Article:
Diving the Eastern Seaboard of Thailand

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Although nice warm water teeming with fish and healthy coral, the Eastern Seaboard of Thailand is better known for poor visibility so recreational diving is limited to wrecks and some nice “basic” reefs. This of course hasn’t precluded me from checking some sites out to see for myself.

Koh Samet Reef Clean

Within a few weeks of arriving in Thailand, in early June I took part in a reef clean organised by Thailand’s Marine Department at the Ministry of Natural Resources and Environment. The reef clean had several sponsors, including the Thai state oil company PTT and the area chosen was around Koh Samet, an island off Rayong. Here is the smiley PR shot before…

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…and the dive brief, which of course was in Thai, with a few kind English-speaking divers passing on to me the essential elements…

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So I kitted up, grabbed a pair of gloves, a net bag then jumped off the dive deck to join my group.

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It was a pretty full day – we did a total of three dives, with the main focus on the first dive area – a healthy reef to the North of Koh Samet. The visibility was indeed poor. For the first dive, it was around 2 – 5 metres and I spent around 50 minutes filling my bag with fishing line and bits of nets, although the biggest bit of debris I brought up was an anchor. Our group also dismantled and brought up a large abandoned lobster pot. The second dive was similar, although the visibility was even less – around 1 – 2 metres. The third dive was abandoned after 10 minutes as the visibility was atrocious – I couldn’t even see my hand.

Despite the visibility, the day was a success. Around 60 kilos of rubbish was collected, landed and weighed…

Bag2

All the divers had a great day. Most had travelled from Bangkok. As you can see, except me, all were Thai!

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Unfortunately, a few weeks later, in this area there was an oil spill from a transfer facility owned and operated by PTT — one of the reef clean sponsors. Oh dear. It was a massive clean up, but PTT were swift to act. The press is still reporting the impact and potential long-term effects, most recently reported here.

Koh Chang

MapFast forward a few months. With the rainy season finished, I recently researched where else I could dive that was reasonably local. I heard about Koh Chang, Thailand’s third largest island, from some friends living locally. Koh Chang is in fact the largest and most developed island in a 52 island group that makes up the Mu Koh Chang National Marine Park. It lies 8 km off the mainland in the province of Trat, just before you hit Cambodia. Due to its proximity to the Cambodian border, it picks up a lot of backpacker tourists “doing Indochina” as well as catering for Thais and well-heeled holiday makers – there is a Six Senses on Koh Kood. Map accredited to Scandinavian Chang Dive Centre.

Koh Chang is about a three-hour drive from where I live, so when the country went on holiday recently for the Kings Birthday, I decided to check it out, more specifically the diving, which is was in the south of the island. All operators day run out of the former fishing village of Ban Bao. I found a couple of websites that led me to a British owned and run dive operator Scuba Dawgs. They also run a budget guest house called Ban Bao Cliff Cottages. When it comes to day-boat diving, I prefer the minimum amount of transfer time in the morning, so after a couple of calls to the amenable and helpful owner Sean, I booked up and dusted off my dive gear. There are however numerous dive operators in Ban Bao, so booking ahead is not critical if you have an open mind – you can easily “shop on arrival” before making any decision.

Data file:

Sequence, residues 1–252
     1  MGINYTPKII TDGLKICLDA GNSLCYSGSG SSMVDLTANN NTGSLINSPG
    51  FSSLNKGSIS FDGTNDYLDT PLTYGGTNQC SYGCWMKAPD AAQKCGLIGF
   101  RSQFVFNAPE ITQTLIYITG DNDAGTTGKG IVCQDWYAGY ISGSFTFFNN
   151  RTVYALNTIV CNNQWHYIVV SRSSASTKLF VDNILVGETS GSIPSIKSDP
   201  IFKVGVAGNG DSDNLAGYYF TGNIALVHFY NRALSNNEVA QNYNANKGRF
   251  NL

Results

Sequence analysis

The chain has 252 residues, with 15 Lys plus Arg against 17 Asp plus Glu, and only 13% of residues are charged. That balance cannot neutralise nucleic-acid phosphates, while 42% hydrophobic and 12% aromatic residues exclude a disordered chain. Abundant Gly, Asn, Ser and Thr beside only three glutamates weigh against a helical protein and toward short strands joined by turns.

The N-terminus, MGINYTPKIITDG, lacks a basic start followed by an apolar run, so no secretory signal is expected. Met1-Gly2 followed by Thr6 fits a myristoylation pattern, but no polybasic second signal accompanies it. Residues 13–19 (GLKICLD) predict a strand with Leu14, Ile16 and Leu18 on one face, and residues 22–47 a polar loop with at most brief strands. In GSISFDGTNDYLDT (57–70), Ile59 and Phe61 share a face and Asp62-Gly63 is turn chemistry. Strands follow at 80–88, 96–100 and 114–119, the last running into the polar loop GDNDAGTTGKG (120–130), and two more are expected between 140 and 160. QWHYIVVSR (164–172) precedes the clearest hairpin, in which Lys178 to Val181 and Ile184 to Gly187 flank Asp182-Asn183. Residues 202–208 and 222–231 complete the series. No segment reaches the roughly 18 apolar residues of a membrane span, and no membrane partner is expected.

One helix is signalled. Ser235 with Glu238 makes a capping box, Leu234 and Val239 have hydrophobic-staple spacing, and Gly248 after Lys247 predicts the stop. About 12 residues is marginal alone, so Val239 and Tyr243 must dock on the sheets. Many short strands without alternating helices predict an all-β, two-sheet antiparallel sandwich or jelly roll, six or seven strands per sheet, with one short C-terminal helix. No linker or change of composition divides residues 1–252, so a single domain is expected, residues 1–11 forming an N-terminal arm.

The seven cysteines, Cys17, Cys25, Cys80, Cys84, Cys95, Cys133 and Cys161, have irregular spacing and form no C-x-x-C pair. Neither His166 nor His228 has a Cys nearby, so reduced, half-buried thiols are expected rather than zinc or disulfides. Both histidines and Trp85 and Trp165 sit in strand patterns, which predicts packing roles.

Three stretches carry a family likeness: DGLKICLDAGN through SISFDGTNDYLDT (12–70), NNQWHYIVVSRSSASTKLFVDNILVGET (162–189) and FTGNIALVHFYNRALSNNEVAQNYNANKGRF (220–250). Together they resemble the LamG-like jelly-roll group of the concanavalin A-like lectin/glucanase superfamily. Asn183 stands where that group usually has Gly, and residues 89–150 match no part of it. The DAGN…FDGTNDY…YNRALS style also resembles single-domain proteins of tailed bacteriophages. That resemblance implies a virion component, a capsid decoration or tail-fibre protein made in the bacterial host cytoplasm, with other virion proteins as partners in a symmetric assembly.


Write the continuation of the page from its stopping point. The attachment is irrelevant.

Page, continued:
The ferry to Koh Chang is a short 30 minute crossing (80 baht) with a further one hour journey to Ban Bao by shared road taxi travel (150 baht). The taxi will drop you off at your accommodation. Koh Chang also has daily flights to and from Bangkok from its relatively new airport.

Unfortunately I went down with a horrible cold as soon as I arrived – my four days of planned diving became only two. So I took time to recover, admire the view from this hammock and read…

Hammock

Diving day 1

By the third day at Ban Bao, I felt well enough to dive. I always wake early and as I peeked through the curtains, I could see it was going to be a wonderful sunrise. I threw on my hoodie and stepped 20 metres outside my room to the beach so I could watch it…

SunriseCollage

After breakfast, all the resident divers headed to the Cliff Cottage pier for our quick boat transfer to the dive boat…

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…2 minutes later we arrived at Ban Bao jetty and the dive boat…

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For the first day of diving, there were around 16 divers and about a dozen snorkelers. It was a good number and mix of people. The last time I had done any larger day boat diving was at Oonas Dive Club in Sharm El Sheikh when I lived in Cairo. I had forgotten how fun it was just to chat to the different people you meet day boat diving. One delightful and modest chap was a graphic designer taking year out and doing all his dream treks around the world. As if that wasn’t interesting enough, I asked him where he worked as a graphic designer. “A fashion magazine in London” was the modest reply. After a bit of probing, it turns out he worked for Vogue, and Harpers Bazaar before that. He came out with some very funny tales. It really is the Devil wears Prada. He was one of only three men on the staff and there were no male toilets on the Vogue floor, so he had to “go down” to the GQ floor. He is also working on a great swimming related book, which I will be buying as soon as it comes out. Very niche but will have appeal to the masses. An utterly brilliant idea. Creative types eh?